The situation is only getting more dire for new parents — nearly three months after a major baby-formula recall began causing a crippling shortage.
Forty percent of all baby-formula products nationwide are currently out of stock, according to data reported this week by CNN.
“As you see, we have nothing on the shelf,” a worker at a Walgreens in Forest Hills, Queens, told The Post On Tuesday. “We only have, like, three cans.”
Kristen Jaronski was scouring CVS in the neighborhood Tuesday for formula to feed her 5-month-old daughter, Sophia, lamenting, “You’re constantly trying to find it anywhere — online and in stores.”
She finally hit the jackpot at the CVS — four bottles.
“It’s ridiculous,” she said, holding up a bottle. “I can get one day out of this.”
The shortage largely stems from the Feb. 17 recall of the popular powder formulas of name brands Similac, Alimentum and EleCare, after there were two baby deaths and several reported illnesses linked to the products coming from a Michigan manufacturing plant run by Abbott Nutrition.
The Sturgis facility was at the center of a whistleblower report sent to the FDA in October 2021, according to Rep. Rosa DeLauro (D-Conn.), who accused the regulatory body last month of being slow to act and not examining the plant until January of this year.
Abbott Nutrition did not respond to a request for comment from The Post on Tuesday. In a statement issued last month, the firm said it was working with the FDA to restart operations in Michigan.
“We continue to make progress on corrective actions and will be implementing additional actions as we work toward addressing items related to the recent recall,” the company said at the time.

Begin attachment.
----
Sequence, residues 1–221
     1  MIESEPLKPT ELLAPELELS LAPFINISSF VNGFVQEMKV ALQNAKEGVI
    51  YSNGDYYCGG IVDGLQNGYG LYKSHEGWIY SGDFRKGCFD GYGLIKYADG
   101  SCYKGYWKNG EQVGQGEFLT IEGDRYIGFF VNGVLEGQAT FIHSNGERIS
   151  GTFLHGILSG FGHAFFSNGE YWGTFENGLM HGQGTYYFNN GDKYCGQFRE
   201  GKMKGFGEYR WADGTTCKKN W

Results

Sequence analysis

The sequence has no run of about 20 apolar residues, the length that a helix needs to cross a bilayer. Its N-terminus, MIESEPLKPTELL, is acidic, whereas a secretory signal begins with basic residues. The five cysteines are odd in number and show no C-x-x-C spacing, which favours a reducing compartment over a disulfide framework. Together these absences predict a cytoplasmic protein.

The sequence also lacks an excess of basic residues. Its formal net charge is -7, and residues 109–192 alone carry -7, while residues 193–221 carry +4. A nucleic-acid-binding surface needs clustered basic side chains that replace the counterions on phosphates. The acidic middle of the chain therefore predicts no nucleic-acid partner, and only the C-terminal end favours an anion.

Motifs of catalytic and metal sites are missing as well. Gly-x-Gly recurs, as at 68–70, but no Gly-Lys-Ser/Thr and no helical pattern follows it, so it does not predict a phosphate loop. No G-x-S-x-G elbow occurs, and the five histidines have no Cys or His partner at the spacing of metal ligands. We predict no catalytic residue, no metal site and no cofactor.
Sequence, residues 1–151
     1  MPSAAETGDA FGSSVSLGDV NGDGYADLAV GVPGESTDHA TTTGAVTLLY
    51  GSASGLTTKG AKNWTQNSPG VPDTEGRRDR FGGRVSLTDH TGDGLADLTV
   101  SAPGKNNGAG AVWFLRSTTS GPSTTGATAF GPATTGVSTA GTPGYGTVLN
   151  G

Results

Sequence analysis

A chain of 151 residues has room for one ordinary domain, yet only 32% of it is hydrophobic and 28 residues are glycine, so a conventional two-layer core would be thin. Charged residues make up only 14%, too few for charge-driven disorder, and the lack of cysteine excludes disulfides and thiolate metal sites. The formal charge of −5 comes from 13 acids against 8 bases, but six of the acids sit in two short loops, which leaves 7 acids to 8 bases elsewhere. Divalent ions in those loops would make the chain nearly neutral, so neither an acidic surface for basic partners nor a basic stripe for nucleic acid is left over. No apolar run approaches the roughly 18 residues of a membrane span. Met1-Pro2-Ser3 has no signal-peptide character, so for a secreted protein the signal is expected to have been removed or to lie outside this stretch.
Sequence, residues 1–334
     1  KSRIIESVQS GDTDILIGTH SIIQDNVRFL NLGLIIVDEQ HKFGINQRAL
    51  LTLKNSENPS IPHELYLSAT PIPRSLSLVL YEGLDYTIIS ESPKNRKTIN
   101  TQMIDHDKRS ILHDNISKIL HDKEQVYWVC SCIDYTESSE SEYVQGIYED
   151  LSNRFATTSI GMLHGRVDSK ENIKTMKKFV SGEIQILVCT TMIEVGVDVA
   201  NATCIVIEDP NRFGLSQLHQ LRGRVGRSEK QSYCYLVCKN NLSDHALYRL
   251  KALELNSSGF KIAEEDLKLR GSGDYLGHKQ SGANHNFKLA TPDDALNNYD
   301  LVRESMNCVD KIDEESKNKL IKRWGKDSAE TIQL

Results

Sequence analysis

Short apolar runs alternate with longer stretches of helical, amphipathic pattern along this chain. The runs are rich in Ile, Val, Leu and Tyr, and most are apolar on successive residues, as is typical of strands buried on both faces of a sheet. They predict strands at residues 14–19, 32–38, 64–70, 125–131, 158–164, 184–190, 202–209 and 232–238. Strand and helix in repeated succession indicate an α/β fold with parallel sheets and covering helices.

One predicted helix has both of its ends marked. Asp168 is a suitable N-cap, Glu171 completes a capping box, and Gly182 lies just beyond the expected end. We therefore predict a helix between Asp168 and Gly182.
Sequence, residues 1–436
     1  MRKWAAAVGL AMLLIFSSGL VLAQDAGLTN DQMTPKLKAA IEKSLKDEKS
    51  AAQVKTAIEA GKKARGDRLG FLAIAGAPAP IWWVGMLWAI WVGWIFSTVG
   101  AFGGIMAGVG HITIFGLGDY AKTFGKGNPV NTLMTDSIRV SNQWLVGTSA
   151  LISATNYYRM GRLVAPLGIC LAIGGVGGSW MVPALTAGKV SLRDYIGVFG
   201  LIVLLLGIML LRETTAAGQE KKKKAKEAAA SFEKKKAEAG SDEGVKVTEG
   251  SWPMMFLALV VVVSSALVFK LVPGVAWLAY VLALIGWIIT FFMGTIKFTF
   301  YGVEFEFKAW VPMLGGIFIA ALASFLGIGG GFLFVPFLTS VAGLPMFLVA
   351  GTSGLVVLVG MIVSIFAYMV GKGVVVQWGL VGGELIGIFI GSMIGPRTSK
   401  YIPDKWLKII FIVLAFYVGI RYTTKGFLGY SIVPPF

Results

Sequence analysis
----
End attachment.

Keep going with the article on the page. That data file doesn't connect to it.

Meanwhile, Big Apple stores are struggling to keep the crucial product in stock — as parents scramble to feed their babies.
At a Kew Gardens CVS in Queens, only a total of about a dozen cans of baby formula were for sale Tuesday.
“To support as many customers as possible, there is a maximum of three units per customer,” read a sign hanging from the shelf.
“We don’t have a lot,” a worker there told The Post.
‘At the CVS in Forest Hills, manager Aris Sanchez acknowledged, “Every CVS has a shortage. It’s company-wide.”
Queens resident Janet Lopez said she’s had a hard time finding formula for her 3-month-old son, Wes.
“It’s scary because I breast-feed, but it’s not enough to feed him,” she told The Post. “What if he doesn’t have food or enough back-up, and I’m not able to produce as much?
“It’s very concerning. I’m crossing my fingers waiting for him to speed up his growth so I can start feeding him actual food.
Concern over the shortages extends beyond the city.
“I can’t believe the stress this is causing. It’s crazy,” said Jacqueline Zebrowski of West Nyack in Rockland County, whose son Jackson will be 5 months old Wednesday.
“You get to the stores, and there’s nothing on the shelves,” she said. “I went to Target recently, and there was nothing. It’s scary. I find myself going from store to store to store.”
Brian Dittmeier, senior director of public policy at the National WIC Association, which helps advocate for moms struggling to make ends meet, told The Post, “Each day that this crisis continues, parents grow more anxious and desperate to find what they need to feed their infants.
“The unprecedented scope of this infant formula recall has serious consequences for babies and new parents.”
Congresswoman Elise Stefanik (R-NY) told The Post on Tuesday that President Biden and his administration have done nothing to alleviate the shortage.
“Bare Shelves Biden’s failed policies have created a panic for families by failing to address a baby-formula shortage,” said Stefanik, herself a new mother. “Hardworking parents are already paying the price for Biden’s inflation and supply-chain crises. They can’t wait weeks for formula.”
The pol’s blistering comments came the same day she fired off a letter to the FDA demanding to know what it is doing, if anything, to try to help ease the situation.
New York City Health and Hospitals, the agency which runs the city’s public hospitals and clinics, told The Post on Tuesday that none of its facilities are experiencing a formula shortage.